Enthusiasts and Skeptics,
To give you a basis for analysis, by 2050 the goal is to have forty or so concentrator-photovoltaic space-based solar power (SBSP) satellites in geostationary orbit, each broadcasting via microwave between 2-5 gigawatts of power to terrestrial electrical power grids, with 1-to-5 broadcast antennas that can beam power to as many locations.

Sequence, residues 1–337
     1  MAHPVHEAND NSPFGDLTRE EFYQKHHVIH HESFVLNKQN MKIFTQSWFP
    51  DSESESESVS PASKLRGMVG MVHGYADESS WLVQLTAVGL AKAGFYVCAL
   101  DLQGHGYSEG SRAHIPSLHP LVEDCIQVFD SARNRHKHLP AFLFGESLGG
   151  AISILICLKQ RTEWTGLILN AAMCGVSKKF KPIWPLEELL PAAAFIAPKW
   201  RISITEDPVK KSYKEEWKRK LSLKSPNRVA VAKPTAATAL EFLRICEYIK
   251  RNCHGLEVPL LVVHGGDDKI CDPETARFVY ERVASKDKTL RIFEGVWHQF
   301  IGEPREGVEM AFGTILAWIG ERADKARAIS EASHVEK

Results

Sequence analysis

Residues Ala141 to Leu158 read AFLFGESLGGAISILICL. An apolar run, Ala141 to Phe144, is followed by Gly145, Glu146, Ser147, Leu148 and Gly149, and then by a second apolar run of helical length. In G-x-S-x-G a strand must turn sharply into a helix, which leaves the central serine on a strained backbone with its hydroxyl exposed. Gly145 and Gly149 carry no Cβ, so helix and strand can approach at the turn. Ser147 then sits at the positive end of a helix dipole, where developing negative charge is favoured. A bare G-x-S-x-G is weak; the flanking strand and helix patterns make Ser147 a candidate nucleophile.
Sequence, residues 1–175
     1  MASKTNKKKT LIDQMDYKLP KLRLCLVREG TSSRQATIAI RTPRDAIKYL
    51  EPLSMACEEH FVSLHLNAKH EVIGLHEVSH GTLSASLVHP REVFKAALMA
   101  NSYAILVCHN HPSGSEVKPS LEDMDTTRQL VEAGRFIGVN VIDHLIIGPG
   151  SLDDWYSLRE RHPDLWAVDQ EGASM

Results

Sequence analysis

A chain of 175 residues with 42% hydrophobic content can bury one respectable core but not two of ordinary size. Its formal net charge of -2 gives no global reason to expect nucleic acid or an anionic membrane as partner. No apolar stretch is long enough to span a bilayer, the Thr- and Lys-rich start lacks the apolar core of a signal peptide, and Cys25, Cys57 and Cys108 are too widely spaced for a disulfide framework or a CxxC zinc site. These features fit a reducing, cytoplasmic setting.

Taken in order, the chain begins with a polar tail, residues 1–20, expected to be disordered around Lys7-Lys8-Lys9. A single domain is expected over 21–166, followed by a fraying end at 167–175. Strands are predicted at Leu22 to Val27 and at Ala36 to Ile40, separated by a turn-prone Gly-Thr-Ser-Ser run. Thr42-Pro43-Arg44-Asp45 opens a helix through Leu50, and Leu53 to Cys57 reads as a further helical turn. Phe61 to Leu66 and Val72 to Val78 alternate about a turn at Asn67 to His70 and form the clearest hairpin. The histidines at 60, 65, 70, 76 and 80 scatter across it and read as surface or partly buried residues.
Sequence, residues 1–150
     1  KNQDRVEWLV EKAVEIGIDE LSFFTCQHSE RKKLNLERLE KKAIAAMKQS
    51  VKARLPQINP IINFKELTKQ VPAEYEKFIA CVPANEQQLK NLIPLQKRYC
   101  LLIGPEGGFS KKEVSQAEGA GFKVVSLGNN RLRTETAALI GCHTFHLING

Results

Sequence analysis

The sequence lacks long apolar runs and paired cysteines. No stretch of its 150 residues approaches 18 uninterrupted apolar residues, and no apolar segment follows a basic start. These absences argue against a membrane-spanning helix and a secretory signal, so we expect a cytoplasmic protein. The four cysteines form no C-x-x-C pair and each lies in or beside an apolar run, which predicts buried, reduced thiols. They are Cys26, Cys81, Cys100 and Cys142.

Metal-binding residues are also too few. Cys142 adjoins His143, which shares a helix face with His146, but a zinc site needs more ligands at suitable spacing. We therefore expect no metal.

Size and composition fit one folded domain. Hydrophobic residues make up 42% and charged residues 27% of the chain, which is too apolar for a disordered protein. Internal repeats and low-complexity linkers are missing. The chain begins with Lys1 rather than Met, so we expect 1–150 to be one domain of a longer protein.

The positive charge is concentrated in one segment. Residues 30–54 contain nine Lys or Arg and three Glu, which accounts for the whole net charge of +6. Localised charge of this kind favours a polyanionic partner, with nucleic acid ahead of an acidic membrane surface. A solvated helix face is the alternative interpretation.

This must be done using a sound business case. John Mankins calculates that this can be achieved by keeping the costs of delivery and assembly on orbit below $3,500 per kilogram–keeping the cost to customers below $0.10 per kilowatt/hour. This will drive robotic assembly and tug systems to pull these enormous structures from low orbits to geostationary. On orbit fueling stations will be required. Paul Werbos believes the best way to do this is to get launch costs down below $200 per kilogram. But several other factors help make the business case. For example, if the price of other energy sources goes up it helps to close the business case for SBSP. Other factors include the efficiencies associated with solar collectors, energy conversion, antennas/rectennas, signal path loss, etc. Dennis Wingo and others have suggested that the first customers for space-based solar power will be international–in areas such as India and Japan where the price per kilowatt/hour is astronomical compared to the Americas or Europe. All of this goes into making the business case.